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    That looks more like a barrel stove than a boiler, but your description makes it pretty clear that that's a hot water pressure vessel. I don't see any tapping for instruments or plumbing, but the top of the pic is cut off, so maybe that stuff is all up there or on the back.

    It doesn't even look like an airtight firebox to me. If not, it's going to be way inefficient and perhaps not safe to operate. Maybe with coal. Heck, it might work OK with wood for all I know.

    If you're serious about offsetting high fuel costs by burning wood or coal, I'd seriously consider getting something a little more modern. Getting a good, used $500 boiler hooked up to your system isn't going to cost any more than connecting this antique (and maybe less), and it will pay for itself in less wood burned and more heat produced in probably a couple of months. Seriously.
  7. webbie

    webbie Seasoned Moderator Staff Member

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  8. Eric Johnson

    Eric Johnson Mod Emeritus

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    Well, there you have it. If it's from that era, then it must be airtight, and I can see the wells for the piping and instruments on the top in the ad Craig dug up. That's all good. I had a boiler built in the late '70s and other than smoke and excessive wood consumption, I was very happy with the way it performed. If circumstances were somewhat different, I'd probably still be using it.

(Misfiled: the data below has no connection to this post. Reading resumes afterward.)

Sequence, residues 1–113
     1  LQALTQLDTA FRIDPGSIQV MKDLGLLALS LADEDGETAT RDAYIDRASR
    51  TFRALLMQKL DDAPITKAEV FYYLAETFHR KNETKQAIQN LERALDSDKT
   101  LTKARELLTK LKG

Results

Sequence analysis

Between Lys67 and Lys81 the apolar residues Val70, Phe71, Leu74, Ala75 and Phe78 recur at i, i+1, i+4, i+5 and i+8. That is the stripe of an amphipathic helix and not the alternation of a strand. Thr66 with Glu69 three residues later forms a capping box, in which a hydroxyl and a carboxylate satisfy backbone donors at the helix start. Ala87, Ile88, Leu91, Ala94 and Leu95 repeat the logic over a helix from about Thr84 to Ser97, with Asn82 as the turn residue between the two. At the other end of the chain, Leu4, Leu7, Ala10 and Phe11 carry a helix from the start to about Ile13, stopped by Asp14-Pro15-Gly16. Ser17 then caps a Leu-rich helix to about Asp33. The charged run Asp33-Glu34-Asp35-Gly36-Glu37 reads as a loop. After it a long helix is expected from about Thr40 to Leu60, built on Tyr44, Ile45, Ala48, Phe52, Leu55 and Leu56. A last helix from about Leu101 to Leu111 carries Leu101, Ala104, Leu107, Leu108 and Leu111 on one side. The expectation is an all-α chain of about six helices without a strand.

9. jimimiller

    jimimiller New Member

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    All this info in less than a day! I guess I came to the right place. Now that I know all this, where would I find a replacement electric draft control? I've tried searching for the business several times, but it doesn't seem to exist anymore.
  10. Eric Johnson

    Eric Johnson Mod Emeritus

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    My experience is limited to a blower hooked up to an aquastat. That should work. Aquastats are cheap and readily available and a wide variety of blowers are available as well. When the boiler water temp goes below the setting on the aquastat (say, 180 degrees), the blower kicks on and attempts to maintain the boiler water temp. It would be useful if you could find out the specs on the original blower or draft control device. That way you could get a replacement that's similar. You'll probably need to modify the mount somewhat, but I'm guessing that's not a big deal.

    You can find that stuff at any plumbing/heating supply house. However, if you know what you need, Ebay will get you the same gear for less than half price.

    BTW, most of the equipment you'll be buying to get this boiler up and running can be used on a future unit if you decide to upgrade at some point.
  11. webbie

    webbie Seasoned Moderator Staff Member

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  12. antknee2

    antknee2 New Member

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  13. Shak

    Shak New Member

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    If you're considering burning coal in it I wouldn't recomend a blower for the draft control. You could seriously over fire it. Before you spend the time and money to install an older boiler check it for leaks. A relative of mine found out the hard way on a used wood boiler. It turned out the boiler he got a good deal on had been stored in an unheated barn with water still in it and cracked the cast iron water jacket.